The School Newspaper of Winston Churchill High School.

The Observer

The School Newspaper of Winston Churchill High School.

The Observer

The School Newspaper of Winston Churchill High School.

The Observer

Kung Fu Panda has kicked their way back into the franchise for the fourth time

Photo courtesy of Dreamworks Animations
Kung Fu Panda 4 was released on March 8 with very mixed reviews. Despite another bringing back the beloved Dragon Warrior, many criticized the lack of the original Furious Five to be one of the major criticisms for the film.

Whether it was a childhood TV show, video game or book, there is only so much that brings WCHS students nostalgia from when they were a child. One of these things involves a kung fu fighting panda and his team who defeat bad guys across China, otherwise known as the “Kung Fu Panda” series. 

After a long-awaited seven-year hiatus, the iconic panda warrior Po (Jack Black) makes a triumphant comeback to the silver screen in “Kung Fu Panda 4,” adding another thrilling chapter to the beloved series that many teenagers cherished in their childhood. However, the movie has sparked various reactions from audiences, with some feeling it could have reached greater heights. While “Kung Fu Panda 4” is a solid standalone film, it may not quite hit the mark set by its predecessors in the “Kung Fu Panda” series.

In “Kung Fu Panda 4,” Po faces new challenges, different from the franchise’s previous villains. The film opens with a mysterious shapeshifting threat looming over the Valley of Peace. As Po grapples with his role as Dragon Warrior and the responsibilities that come with it, he must not only end the threat but also figure out the future successor of the Dragon Warrior. Throughout the movie, Po befriends a quick-witted fox (Awkwafina) as they work together to defeat the shapeshifter known as the Chameleon (Viola Davis), which has the power to shapeshift into any antagonist from the movie franchise. 

One of the biggest criticisms of the movie is the plot and use of characters. Po has only been the Dragon Warrior for two and a half movies, so it feels strange for the movie to make him abdicate the title so early and take on Master Oogway’s former role as a spiritual leader to find his “inner peace.” Additionally, Master Shifu (Dustin Hoffman) and Po’s fathers serve no real purpose in the plot other than to provide comedic relief, so many feel that their role is unnecessary.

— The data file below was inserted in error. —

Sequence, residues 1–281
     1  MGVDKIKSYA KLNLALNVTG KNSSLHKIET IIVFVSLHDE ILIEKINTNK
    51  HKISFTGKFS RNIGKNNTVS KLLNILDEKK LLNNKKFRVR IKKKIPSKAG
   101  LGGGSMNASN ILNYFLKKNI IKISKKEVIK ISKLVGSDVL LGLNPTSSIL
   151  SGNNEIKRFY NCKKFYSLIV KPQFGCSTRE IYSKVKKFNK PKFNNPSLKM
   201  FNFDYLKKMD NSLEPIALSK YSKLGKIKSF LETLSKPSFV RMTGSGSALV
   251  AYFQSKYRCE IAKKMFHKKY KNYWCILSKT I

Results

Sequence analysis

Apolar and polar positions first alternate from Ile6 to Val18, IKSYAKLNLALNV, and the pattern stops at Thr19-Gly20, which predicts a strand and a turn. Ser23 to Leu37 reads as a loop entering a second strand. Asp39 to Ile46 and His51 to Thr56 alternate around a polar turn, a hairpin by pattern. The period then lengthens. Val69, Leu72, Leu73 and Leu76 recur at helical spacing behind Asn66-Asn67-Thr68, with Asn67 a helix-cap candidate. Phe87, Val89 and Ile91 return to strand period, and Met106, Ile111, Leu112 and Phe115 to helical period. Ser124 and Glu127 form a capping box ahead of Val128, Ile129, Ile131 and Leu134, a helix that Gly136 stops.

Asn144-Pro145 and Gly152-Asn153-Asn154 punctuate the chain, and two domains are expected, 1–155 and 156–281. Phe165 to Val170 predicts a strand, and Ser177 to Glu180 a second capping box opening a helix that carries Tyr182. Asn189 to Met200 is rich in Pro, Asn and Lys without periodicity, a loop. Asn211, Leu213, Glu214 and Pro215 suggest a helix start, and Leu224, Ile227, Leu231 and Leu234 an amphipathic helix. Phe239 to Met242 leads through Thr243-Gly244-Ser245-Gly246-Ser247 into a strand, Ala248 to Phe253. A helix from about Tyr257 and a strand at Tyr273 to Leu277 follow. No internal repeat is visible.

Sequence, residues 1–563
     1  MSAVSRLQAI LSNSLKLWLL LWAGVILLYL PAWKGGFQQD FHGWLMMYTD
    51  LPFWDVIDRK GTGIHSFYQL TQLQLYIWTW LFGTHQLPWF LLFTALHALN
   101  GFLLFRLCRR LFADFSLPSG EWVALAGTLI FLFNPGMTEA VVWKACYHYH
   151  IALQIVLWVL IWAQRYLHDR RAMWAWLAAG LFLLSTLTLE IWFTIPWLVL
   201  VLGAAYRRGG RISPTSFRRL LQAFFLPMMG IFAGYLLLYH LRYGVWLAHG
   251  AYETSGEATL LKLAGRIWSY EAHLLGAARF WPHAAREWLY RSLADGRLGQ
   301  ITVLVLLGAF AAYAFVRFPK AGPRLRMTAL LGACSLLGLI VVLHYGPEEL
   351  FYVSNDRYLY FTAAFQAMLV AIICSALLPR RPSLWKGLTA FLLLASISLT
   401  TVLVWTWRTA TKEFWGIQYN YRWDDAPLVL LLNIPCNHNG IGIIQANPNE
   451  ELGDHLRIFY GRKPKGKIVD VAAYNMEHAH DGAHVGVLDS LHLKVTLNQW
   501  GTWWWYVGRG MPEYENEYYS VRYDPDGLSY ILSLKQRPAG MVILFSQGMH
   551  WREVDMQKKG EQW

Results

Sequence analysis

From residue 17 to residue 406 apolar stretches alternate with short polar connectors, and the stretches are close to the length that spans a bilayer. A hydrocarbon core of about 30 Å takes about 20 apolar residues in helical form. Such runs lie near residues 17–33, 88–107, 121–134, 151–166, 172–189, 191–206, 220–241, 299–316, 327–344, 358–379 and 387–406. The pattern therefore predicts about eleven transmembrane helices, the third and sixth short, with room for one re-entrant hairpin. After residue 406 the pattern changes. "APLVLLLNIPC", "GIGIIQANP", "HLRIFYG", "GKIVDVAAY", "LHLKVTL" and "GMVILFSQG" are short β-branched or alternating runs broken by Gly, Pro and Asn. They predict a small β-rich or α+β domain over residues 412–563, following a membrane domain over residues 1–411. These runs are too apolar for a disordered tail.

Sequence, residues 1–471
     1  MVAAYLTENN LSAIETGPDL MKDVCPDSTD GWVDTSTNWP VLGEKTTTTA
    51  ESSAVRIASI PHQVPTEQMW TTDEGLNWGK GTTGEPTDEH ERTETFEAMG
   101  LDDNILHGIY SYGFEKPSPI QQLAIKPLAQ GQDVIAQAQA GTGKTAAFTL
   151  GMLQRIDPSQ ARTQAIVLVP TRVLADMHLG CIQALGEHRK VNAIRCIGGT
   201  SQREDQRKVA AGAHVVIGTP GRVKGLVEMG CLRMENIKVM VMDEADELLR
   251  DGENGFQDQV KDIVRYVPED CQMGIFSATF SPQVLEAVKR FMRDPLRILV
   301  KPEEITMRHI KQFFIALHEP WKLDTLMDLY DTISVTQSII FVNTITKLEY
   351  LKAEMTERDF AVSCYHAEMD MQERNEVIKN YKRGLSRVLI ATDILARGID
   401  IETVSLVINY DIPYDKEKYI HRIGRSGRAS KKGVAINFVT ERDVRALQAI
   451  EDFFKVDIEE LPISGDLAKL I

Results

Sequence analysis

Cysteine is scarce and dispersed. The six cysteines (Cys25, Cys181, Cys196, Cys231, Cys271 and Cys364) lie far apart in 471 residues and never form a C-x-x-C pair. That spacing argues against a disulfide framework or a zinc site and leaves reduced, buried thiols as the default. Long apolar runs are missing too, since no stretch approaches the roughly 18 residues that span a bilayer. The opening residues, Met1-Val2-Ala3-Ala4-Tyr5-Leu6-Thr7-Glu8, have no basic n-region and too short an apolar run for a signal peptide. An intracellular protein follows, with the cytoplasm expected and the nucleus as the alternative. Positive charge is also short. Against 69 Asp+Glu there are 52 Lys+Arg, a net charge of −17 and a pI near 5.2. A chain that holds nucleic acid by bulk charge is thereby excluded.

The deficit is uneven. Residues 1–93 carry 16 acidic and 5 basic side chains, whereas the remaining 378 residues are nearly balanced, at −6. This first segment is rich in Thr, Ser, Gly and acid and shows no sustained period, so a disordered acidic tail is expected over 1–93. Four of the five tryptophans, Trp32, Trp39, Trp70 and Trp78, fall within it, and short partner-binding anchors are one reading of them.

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However, the movie’s biggest surprise is the disappearance of the Furious Five characters. The entire film leaves out key characters who played significant roles in the previous three movies and have always worked alongside Po, with the reason being each Furious Five member is preoccupied with fighting other enemies across China. Viewers do get to catch a glimpse of the Furious Five at the start of the end credits, yet they all have no dialogue because the voice actors did not agree to return, taking away from some of the nostalgia viewers were hoping to see. Such a return is questionable, assuming a fifth movie will be in the works. 

Despite its cons, many positive elements still exist within the movie for viewers to enjoy. Even though you won’t find most of the original characters, what’s great about the movie is that many of the series’ antagonists, such as Tai Lung and Kai, reappear, bringing back lots of nostalgia for many and furthering their character development.

As a standalone movie, the plot is developed well and continues to bring the hype of “Kung Fu Panda.” New characters voiced by Awkwafina, Ke Huy Quan and Ronny Chieng do well as substitutes for the missing characters, and the level of kung fu displayed in the movie remains high. 

“Kung Fu Panda 4” delivers a mix of nostalgia and fresh adventures that both honor the franchise’s legacy and chart a new course for its beloved characters. While all may not enjoy it, the film still offers a fun experience, especially for those who have grown up with Po even though the absence of the Furious Five is felt.  However, introducing new characters and returning old adversaries provide enough action and humor to satisfy longtime fans and newcomers alike. As the credits roll, we wonder what the future holds for Po and his friends. Only time will tell, but one thing is certain: the spirit of “Kung Fu Panda” continues to inspire and delight audiences worldwide.

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About the Contributor
Jeremy Chung
Jeremy Chung, Print Editor-in-Chief
Jeremy Chung is a senior and is the Editor-in-Chief for the Observer. This is his fourth year taking journalism. When Jeremy is not writing for the Observer, you can find him practicing on the tennis courts or walking his dog. He also loves to watch action and comedy movies and spend time with his family and friends.

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